Retired Captain Brenda Berkman, the FDNY's first female firefighter|Wendy Joan Biddlecombe, Metro1/2 Retired Captain Brenda Berkman, the FDNY's first female firefighter|Wendy Joan Biddlecombe, Metro
FirefighterDaianaMielnik|Wendy Joan Biddlecombe, Metro2/2 FirefighterDaianaMielnik|Wendy Joan Biddlecombe, Metro
The number of female firefighters in New York City pales in comparison to the fire departments of such cities as San Francisco, women serving in the NYPD as well as in combat roles.
According to the New York Fire Department, there only 44 women firefighters out of the 10,500-strong force.
Council member Elizabeth Crowley believes too few women are in the department because rigorous testing in the academy forces them out in higher numbers than male recruits.
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“The academy is supposed to be for training, not continued testing,” Crowley said, adding women who enter the academy are already evaluated to be physically and mentally fit for the job.
On Wednesday, Crowley and other supporters of female firefighters rallied at City Hall before a hearing that discussed ways to increase the number of women in the FDNY.
In San Francisco, 13 percent of firefighters are women, Council member Helen Rosenthal said. Some 18 percent of the NYPD are women, and 13 percent of U.S. combat troops are female.
“In New York City, the number is .4 percent. It’s appallingly low,” said Rosenthal, who is sponsoring a bill that would require the FDNY to keep track of academy entrance and graduation statistics. “What we need is the fire department to justify why that’s the case, why it is that New York City is so wildly unique.”
Sarinya Srisakul, president of the United Women Firefighters, said the FDNY would need to hire more than 400 women to be on par with cities across the country. Srisakul read testimony from a female firefighter who said her training was “so brutal and excessive” she felt like a “ghost” at the end.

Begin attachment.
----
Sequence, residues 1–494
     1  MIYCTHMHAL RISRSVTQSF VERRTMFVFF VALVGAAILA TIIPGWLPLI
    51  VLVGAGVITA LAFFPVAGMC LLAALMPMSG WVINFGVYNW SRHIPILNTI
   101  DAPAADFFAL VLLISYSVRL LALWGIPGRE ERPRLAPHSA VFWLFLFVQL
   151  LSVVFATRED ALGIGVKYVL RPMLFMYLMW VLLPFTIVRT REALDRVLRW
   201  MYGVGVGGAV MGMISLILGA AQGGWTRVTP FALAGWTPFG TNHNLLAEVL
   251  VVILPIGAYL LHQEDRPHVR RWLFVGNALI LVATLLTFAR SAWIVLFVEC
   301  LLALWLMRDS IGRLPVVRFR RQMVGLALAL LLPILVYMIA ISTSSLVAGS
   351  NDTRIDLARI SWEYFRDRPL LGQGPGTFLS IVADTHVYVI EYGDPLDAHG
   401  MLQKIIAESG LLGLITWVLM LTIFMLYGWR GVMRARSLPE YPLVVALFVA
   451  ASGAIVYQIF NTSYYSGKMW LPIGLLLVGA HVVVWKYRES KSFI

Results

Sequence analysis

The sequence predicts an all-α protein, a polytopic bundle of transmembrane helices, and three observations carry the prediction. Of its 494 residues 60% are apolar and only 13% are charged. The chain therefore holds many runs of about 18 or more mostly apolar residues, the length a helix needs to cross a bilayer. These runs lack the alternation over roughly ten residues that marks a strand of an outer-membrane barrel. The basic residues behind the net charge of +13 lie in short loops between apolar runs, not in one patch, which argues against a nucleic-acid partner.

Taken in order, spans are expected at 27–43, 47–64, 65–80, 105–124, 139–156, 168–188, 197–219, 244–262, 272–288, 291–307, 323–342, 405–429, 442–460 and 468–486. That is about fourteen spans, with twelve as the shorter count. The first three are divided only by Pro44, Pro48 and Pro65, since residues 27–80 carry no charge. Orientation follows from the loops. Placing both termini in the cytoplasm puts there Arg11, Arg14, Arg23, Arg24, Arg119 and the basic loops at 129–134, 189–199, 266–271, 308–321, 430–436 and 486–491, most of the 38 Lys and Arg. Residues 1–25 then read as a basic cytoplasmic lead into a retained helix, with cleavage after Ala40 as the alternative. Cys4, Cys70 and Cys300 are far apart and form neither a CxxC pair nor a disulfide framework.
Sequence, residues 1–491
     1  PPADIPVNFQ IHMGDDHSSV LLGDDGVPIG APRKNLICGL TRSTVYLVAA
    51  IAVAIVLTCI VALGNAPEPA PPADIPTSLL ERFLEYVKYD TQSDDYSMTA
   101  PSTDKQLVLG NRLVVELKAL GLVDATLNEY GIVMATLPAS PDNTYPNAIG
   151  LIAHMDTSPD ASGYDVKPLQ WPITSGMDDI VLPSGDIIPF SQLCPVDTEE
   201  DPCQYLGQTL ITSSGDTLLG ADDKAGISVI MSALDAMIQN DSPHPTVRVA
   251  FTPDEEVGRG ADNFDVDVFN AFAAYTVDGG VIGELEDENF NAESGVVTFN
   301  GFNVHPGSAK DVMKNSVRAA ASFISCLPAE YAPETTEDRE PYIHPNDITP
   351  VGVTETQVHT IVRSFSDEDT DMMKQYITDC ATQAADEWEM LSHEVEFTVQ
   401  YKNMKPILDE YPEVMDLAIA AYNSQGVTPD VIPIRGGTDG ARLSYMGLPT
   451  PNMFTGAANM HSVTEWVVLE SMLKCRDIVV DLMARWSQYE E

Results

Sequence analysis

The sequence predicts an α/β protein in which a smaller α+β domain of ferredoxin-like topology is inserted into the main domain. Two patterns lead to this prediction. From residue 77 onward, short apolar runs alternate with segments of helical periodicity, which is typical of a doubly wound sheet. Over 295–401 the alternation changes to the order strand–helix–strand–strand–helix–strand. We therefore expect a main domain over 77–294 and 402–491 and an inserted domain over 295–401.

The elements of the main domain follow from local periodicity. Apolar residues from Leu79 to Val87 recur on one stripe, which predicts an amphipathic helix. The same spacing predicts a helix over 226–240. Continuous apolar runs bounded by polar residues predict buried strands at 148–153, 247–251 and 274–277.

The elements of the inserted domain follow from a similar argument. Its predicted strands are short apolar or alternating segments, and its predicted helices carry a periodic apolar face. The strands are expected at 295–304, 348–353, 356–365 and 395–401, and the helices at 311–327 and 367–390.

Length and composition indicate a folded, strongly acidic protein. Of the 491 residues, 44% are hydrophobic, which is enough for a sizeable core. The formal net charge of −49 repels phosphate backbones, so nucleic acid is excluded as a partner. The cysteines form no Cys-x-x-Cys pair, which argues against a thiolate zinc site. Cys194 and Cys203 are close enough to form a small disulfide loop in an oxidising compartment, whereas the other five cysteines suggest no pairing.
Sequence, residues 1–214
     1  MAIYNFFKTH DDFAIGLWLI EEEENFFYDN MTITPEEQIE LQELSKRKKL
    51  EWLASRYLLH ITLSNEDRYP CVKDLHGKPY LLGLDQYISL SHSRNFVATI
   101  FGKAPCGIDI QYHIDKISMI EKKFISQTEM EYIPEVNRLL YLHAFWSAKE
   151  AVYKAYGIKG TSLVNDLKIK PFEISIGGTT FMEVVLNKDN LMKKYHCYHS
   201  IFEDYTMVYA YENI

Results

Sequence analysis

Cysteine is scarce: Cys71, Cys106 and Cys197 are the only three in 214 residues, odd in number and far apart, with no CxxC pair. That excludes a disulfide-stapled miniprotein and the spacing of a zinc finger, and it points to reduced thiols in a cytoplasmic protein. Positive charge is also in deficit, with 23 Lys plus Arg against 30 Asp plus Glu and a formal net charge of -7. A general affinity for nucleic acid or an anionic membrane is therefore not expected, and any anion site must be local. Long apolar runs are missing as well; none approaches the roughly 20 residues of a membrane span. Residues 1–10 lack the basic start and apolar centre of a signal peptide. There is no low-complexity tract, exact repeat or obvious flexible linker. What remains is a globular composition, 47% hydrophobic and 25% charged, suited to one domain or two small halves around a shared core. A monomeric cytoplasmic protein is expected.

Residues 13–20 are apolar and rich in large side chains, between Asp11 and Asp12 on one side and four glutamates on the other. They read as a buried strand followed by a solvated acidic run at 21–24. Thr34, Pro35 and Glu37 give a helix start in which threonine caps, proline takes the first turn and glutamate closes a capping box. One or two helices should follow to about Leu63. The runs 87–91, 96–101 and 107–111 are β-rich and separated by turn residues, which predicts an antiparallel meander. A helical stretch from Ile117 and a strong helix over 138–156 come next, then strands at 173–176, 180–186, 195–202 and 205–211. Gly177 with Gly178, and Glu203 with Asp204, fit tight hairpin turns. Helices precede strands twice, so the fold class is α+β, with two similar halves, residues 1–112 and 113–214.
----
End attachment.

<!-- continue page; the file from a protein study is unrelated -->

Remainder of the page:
“They just tried to weed her out, and that’s the type of psychological and physical damage that we’re talking about,” Srisakul said.
“We want to know why so many women are not graduating from the academy,” said Daiana Mielnik, 31, who graduated from the academy in 2005 with one other woman.
“When people are timed, it’s a push to rush rush rush through it, and not really do things properly,” Mielnik said of testing, which was more of a “training tool” when she was studying.
“We need to ensure we are using all resources to help women navigate through the hiring and academy process successfully,” Fire Commissioner Daniel Nigro said at the hearing. “I hired an executive team that is diverse, ensuring women are always at the table when major decisions are made in the FDNY."
Nigro said an outside consultant will be coming to the academy in 2015 to make recommendations on physical training and female recruits.
According to the FDNY, 1,952 women took the firefighter test in 2012.